Cloud eight years on: From inflated expectations to enterprise adoption

It is 2018 and nearly every consumer has heard of, come into contact with or purchased cloud services in one form or another. Many of us are now dependent on cloud benefits as many of the most common life experiences such as listening to music, watching television and learning in a classroom have all been improved by the ability to access, manage and purchase IT resources online.

Businesses are no different. Enterprises are now leveraging the efficiency and on-demand access of cloud more than ever to speed innovation, cut costs and improve productivity. But like many other revolutionary solutions before it, cloud faced many obstacles in early adoption.

A look back at marketing hype: Cloud “everything”

As soon as cloud hit its stride in 2010, IT analysts, vendors and customers began asking if cloud was ‘here to stay or is it one of these hyped subjects that inevitably will be forgotten in a couple of years’ time?’ Sure enough, no more than a year later in 2011 (according to Gartner’s 2011 Hype Cycle for Cloud Computing), cloud had taken the first step in answering this question by moving beyond the ’Peak of Inflated Expectations’ and straight into the ’Trough of Disillusionment’.

At the time, critics cited ‘cloud washing’ as evidence that cloud could never live up to our expectations. Cloud was everywhere. Eventually, this cloud washing helped accelerate its complete dislocation from reality. Fast forward to 2018 and we could reasonably ask if anything but cloud is here to stay. In fact, not only has cloud met our “inflated expectations” of 2011, but also it has arguably surpassed what we imagined to be possible. Turns out that we weren’t wrong about the potential of cloud, we were just early.

No longer just for non-critical data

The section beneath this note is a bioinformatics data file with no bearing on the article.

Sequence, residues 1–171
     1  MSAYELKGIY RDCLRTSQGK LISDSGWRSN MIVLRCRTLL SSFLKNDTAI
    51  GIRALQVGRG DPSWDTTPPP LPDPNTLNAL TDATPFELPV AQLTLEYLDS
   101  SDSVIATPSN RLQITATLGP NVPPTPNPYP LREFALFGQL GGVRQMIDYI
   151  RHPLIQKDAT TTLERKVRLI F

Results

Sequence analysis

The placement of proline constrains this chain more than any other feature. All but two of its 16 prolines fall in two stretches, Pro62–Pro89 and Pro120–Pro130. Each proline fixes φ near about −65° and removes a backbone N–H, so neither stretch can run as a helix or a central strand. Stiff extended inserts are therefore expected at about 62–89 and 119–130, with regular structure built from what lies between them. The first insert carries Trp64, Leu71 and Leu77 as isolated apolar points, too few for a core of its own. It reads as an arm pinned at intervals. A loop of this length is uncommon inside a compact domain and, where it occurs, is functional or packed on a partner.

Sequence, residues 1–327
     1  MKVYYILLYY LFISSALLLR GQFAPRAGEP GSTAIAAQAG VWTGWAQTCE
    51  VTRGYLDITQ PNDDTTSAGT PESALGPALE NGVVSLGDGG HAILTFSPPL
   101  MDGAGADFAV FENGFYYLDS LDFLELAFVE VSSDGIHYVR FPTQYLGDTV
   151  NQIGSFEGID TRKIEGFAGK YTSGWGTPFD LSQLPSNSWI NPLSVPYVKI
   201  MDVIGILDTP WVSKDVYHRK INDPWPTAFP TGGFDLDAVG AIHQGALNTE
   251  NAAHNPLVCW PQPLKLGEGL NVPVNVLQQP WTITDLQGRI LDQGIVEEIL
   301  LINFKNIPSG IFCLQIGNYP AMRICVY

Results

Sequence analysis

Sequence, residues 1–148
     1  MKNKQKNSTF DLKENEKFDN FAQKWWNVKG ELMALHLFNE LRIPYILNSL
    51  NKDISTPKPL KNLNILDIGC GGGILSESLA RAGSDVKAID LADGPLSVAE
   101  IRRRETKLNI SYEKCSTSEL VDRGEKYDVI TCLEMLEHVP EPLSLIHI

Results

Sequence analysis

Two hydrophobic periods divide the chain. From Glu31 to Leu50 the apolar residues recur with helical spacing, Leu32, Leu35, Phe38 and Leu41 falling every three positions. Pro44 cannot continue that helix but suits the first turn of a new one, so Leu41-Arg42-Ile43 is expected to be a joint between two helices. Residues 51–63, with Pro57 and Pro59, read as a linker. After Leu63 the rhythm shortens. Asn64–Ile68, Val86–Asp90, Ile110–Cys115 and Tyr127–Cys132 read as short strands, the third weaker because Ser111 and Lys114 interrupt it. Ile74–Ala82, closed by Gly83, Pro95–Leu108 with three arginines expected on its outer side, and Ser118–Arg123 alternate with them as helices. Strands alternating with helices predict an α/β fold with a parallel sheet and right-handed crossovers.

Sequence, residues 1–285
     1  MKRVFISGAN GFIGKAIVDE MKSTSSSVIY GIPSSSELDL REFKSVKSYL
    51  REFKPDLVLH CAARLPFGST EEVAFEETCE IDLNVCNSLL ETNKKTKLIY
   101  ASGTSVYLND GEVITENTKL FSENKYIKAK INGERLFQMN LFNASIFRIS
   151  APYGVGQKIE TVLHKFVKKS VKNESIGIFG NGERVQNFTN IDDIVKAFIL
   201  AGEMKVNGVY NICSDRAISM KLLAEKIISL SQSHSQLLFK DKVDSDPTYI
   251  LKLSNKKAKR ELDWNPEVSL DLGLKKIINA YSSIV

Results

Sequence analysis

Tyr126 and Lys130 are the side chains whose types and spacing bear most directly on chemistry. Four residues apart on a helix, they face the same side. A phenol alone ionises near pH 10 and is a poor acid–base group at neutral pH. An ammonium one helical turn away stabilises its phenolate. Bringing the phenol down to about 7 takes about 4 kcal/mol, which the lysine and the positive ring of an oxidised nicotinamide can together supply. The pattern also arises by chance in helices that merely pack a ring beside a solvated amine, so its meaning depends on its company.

One of the more surprising realities of cloud as we move into 2018 has been the rate of business adoption of public cloud services for mission critical applications. Just a few years ago, many of us were convinced that public cloud was great – but was most appropriate for archive, backup and other business “non-critical” data. Non-critical was seen as the “appetiser” of data; the “main course” (mission critical data) would always remain on-premises.

What a difference a few years make. Today, SAP, Oracle and other mission critical, traditionally “on-premises” applications are being efficiently run in public clouds. In fact, a recent survey from the 451 Group suggests that three in five (60%) enterprise workloads will run in the cloud by mid-2018, up from around two in five (41%) today.

Remembering the past and planning for the future

While it is true that cloud has become as pervasive as the on-premises hardware it is replacing, it’s important to remember that there is no “one size fits all” cloud. In fact, if there exists any hype in cloud today, it is that any one cloud can be a panacea for all our IT challenges. As a result, smart enterprises are focusing on cloud vendors that lead with attributes that directly contribute to running applications and, therefore, a business.

Looking back seven years, we certainly did a great job of hyping cloud beyond all reasonable expectations. But as the cloud momentum continues to press onward, enterprises are developing a plan for the future of their IT landscape with cloud providers in mind. Businesses are requiring their cloud provider to have industry leading performance, efficiency and flexibility across a plethora of integrated cloud platforms, software and managed services.

Additionally, as cloud technologies become more intricate and pervasive, companies will rely on the cloud provider’s ability to meet their most demanding enterprise requirements for complex, mission critical applications and data requiring enterprise-class object storage. And lastly, in the future, enterprises will need a cloud provider who can quickly and efficiently build hyper scale cloud environments that provide customers with significant economies of scale, resource flexibility and enterprise control.

In 2018 we see no signs of cloud adoption slowing. In fact, according to the RightScale 2017 State of the Cloud Report, in the UK 95% of respondents are using cloud with 85% of enterprises reporting that they have a multi-cloud strategy – so we predict that this trajectory will just continue to grow.